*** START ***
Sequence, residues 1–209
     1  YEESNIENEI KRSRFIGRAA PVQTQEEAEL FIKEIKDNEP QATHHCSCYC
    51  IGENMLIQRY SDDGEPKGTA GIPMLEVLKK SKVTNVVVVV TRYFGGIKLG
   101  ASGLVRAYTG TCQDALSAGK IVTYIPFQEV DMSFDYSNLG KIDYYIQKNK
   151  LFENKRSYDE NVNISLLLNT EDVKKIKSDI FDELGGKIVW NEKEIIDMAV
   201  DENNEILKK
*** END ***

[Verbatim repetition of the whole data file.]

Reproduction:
Sequence, residues 1–209
     1  YEESNIENEI KRSRFIGRAA PVQTQEEAEL FIKEIKDNEP QATHHCSCYC
    51  IGENMLIQRY SDDGEPKGTA GIPMLEVLKK SKVTNVVVVV TRYFGGIKLG
   101  ASGLVRAYTG TCQDALSAGK IVTYIPFQEV DMSFDYSNLG KIDYYIQKNK
   151  LFENKRSYDE NVNISLLLNT EDVKKIKSDI FDELGGKIVW NEKEIIDMAV
   201  DENNEILKK